The timing of this particular whiskey-laced recipe could not have been better– I needed it! This was actually made a couple months back for Baked Sunday Mornings, but I haven’t been able to finish the blog post due to moving and wedding planning madness. But actually, posting on St. Patrick’s Day is rather apropos, what with the whole ‘whiskey’ thing going on. I had just moved to a new apartment and was initially excited about the kitchen, but when I got a closer look… I realized in utter horror that it was filthy and grimy beyond belief (not to mention terrible dark light for blog photos). I spent hours cleaning cabinets, cutting shelf liners, and scrubbing greasy walls, all to discover new and sticky spots in every nook and cranny of the kitchen. I was hoping to have my new kitchen up and running fairly quickly, but it was a much slower process than anticipated– not how I planned to start 2014! Fortunately, Sheri of Pork Cracklins was kind enough to let me commandeer her beautiful kitchen (and play with her fancypants camera) to make this Simple Chocolate Whiskey Tart with Whiskey Whipped Cream from the Booze chapter of Baked Elements. I’m just happy to be baking again! I wish I could bake in her kitchen every week, but I’m learning how to optimize my own. I’m having a very hard time imagining this kitchen in its current state ever feeling “mine”, but hey, a little boozy, chocolaty tart sure takes the edge off… ;-)
The easy:decadent ratio on this recipe is pretty impressive—in other words, the chocolate depth is dizzying, considering how quick and easy it was to prepare. (Read = this tart will be showing up often…) There are three elements: the shortbread cookie crust, chocolate-whiskey filling, and whipped cream topping. The crust is made by combining crushed shortbread cookies with sugar, salt, and melted butter, then pressing the mixture into a pan. I opted for a fluted tart pan with removable bottom for its pretty edges rather than the prescribed springform pan. Make sure to place your plan on a baking sheet to catch impending messes!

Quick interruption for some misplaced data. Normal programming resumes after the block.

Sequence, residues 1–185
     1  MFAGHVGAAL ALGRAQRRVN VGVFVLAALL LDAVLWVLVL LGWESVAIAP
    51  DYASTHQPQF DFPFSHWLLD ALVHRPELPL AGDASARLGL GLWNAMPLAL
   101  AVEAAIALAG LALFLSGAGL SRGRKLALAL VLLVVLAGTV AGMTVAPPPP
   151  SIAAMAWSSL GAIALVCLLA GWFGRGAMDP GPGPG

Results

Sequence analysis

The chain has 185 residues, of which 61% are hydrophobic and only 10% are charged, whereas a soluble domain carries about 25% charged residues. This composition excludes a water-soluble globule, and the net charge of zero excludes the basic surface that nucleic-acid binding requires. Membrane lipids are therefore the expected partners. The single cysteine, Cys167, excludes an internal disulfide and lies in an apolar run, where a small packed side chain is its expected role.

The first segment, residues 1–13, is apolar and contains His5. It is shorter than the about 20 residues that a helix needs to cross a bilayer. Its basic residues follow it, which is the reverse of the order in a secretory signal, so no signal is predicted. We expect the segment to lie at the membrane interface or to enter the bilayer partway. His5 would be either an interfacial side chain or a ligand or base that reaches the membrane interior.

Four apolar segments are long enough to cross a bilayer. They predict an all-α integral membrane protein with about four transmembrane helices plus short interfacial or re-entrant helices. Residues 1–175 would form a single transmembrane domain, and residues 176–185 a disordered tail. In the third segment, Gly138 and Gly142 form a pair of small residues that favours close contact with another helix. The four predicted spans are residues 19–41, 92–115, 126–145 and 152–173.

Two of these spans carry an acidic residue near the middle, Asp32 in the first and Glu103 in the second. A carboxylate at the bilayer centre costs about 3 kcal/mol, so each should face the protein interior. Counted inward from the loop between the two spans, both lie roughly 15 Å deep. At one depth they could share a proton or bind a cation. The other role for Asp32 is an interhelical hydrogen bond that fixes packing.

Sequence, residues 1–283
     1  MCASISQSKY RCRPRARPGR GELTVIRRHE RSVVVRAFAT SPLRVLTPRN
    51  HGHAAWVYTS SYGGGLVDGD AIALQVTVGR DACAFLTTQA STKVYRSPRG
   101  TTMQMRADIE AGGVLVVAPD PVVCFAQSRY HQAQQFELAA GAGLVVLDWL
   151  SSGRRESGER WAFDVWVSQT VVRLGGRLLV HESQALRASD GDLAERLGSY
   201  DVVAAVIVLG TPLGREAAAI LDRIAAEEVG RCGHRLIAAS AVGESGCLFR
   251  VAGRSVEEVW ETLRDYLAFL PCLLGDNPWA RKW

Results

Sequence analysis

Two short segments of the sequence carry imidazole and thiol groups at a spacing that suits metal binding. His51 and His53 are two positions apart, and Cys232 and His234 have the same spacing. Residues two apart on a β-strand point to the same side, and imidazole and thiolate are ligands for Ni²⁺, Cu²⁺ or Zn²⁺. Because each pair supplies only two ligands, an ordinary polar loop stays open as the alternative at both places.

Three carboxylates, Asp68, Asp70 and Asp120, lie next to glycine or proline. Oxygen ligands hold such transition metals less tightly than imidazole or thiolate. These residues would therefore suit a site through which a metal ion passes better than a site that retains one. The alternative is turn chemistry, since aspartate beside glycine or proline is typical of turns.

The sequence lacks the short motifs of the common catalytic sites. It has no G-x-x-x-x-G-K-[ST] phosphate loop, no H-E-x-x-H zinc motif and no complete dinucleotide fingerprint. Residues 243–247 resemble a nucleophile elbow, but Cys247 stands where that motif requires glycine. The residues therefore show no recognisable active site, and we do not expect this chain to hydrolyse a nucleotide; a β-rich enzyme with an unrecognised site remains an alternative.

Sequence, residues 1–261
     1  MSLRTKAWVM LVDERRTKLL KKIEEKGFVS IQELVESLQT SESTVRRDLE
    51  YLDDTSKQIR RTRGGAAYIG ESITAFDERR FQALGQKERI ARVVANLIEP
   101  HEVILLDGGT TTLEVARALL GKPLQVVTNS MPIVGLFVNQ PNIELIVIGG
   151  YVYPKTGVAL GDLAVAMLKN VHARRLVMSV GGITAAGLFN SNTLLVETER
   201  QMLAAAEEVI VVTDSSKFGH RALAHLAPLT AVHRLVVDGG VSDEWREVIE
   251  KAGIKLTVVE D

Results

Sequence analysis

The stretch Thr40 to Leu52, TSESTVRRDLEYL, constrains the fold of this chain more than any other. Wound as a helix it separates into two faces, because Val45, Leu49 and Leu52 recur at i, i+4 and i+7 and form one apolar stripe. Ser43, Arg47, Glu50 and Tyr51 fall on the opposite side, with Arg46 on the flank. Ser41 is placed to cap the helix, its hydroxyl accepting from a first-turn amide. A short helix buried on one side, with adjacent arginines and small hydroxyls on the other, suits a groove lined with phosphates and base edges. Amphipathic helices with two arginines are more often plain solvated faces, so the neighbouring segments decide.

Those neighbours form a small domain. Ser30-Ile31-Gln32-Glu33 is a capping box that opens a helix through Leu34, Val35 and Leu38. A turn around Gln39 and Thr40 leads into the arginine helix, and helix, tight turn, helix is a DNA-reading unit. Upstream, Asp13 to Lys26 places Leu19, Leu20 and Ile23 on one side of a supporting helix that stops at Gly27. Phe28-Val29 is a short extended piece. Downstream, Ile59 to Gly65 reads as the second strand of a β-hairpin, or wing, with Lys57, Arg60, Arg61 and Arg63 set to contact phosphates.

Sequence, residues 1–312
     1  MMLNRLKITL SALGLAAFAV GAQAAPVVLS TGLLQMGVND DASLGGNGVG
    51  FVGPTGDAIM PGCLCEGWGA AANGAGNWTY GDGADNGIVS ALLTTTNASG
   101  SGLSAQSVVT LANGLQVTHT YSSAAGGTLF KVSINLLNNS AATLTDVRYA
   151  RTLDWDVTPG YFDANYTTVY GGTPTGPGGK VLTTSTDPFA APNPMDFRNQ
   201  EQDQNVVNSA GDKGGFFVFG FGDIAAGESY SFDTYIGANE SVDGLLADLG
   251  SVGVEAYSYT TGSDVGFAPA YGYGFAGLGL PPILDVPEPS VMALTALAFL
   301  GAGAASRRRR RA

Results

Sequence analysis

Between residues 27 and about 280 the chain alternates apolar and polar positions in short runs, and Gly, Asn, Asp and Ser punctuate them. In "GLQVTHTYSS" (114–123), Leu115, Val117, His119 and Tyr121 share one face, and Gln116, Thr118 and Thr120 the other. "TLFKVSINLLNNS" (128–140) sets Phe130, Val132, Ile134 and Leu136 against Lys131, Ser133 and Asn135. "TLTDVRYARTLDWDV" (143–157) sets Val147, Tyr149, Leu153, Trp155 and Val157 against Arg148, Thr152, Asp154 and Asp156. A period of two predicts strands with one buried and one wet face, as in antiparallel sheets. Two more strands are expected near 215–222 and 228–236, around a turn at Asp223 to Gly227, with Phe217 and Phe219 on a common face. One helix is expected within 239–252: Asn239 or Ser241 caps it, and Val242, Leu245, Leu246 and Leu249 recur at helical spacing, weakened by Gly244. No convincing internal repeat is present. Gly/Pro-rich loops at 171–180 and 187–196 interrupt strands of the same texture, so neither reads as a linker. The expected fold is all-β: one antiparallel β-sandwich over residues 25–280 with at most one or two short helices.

The crust quantity was barely enough to fill the tart pan, and I like a thicker crust, so I would probably 1 ½ the crust next time. I used Keebler Sandies shortbread, which were tasty on their own, but the crust mixture was uber-buttery and seeped out of the bottom of the pan. The crust should be baked for about 12 minutes– dry, but without browning; because of the excessive butteriness, it took about 18 minutes to bake enough to remotely call “dry to the touch”. I will spring for nicer shortbread next time! Alternatively, I could probably adjust the cookie/butter ratio to make the crust a little less greasy.
But let’s talk about the chocolate. The filling is not unlike a ganache mixture; you will heat the milk and cream, then whisk in the chopped chocolate, and let the mixture cool until almost room temperature. Meanwhile, combine the egg, egg yolk, flour, and whiskey in a small bowl. Once the chocolate is cool enough, whisk in the egg/whiskey mixture until completely incorporated.
Now, in this kind of dessert, I will always focus on the quality of the chocolate– i.e. high-qual chocolate equals amazing baked tart. (REPEAT: Do *not* skimp on the chocolate.) The booze is always secondary for me, but as I’m about to marry an Irishman, I’ve been schooled a bit on whiskey. It doesn’t make that much of a difference to me personally, but I’ve been instructed by said Irishman that the best whiskey for all your whiskey needs is Jameson! Hence, I am now the proud owner of a large bottle of Jameson. Pour the filling into the cooled crust and put ‘er back in the oven.